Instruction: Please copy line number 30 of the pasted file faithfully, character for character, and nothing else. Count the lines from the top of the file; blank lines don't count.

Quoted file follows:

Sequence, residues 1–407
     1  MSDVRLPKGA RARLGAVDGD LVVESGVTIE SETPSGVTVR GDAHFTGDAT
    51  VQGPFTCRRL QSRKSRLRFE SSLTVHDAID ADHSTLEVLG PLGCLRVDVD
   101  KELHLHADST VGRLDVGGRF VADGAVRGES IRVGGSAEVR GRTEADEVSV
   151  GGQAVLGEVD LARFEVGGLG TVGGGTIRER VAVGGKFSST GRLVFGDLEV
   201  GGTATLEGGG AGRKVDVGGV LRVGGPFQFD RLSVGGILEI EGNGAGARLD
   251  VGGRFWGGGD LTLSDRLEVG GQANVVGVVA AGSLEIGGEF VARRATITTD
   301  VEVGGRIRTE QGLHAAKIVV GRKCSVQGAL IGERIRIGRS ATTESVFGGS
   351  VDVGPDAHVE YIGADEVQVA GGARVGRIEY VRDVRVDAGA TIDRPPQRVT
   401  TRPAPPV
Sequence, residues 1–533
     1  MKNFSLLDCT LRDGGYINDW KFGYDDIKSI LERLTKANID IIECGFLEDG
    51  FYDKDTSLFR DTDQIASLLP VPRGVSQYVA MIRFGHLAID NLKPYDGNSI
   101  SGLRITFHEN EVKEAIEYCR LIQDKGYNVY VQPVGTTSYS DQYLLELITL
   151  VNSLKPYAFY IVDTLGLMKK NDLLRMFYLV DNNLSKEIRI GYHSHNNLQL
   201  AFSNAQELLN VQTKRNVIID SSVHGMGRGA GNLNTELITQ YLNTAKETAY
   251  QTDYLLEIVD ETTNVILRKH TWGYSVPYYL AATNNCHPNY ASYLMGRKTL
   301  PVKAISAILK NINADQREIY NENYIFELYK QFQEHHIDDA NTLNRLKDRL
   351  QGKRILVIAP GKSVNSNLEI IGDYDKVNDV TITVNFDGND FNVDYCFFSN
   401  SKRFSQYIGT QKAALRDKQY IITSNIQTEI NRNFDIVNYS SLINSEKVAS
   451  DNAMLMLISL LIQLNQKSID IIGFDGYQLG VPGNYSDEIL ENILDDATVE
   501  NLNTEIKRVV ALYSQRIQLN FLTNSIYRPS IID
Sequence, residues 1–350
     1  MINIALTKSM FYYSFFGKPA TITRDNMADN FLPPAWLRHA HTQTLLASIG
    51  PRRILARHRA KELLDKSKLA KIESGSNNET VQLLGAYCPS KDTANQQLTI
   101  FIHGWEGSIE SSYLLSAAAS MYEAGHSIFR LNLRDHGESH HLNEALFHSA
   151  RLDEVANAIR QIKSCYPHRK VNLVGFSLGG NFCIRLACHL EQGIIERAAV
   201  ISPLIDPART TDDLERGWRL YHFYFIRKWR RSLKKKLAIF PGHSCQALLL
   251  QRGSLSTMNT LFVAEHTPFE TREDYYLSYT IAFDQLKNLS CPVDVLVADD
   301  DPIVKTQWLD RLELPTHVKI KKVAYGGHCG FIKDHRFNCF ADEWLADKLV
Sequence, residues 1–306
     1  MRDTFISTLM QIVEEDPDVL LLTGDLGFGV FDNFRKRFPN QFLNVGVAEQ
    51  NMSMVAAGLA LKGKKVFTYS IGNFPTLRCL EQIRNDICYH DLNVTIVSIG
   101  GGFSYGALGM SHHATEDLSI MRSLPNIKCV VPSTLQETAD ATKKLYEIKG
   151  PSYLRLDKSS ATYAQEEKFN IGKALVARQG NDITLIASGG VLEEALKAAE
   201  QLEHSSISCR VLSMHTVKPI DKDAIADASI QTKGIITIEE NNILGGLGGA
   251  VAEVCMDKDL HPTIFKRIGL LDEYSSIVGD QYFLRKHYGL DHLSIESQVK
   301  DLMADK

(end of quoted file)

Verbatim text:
   301  DPIVKTQWLD RLELPTHVKI KKVAYGGHCG FIKDHRFNCF ADEWLADKLV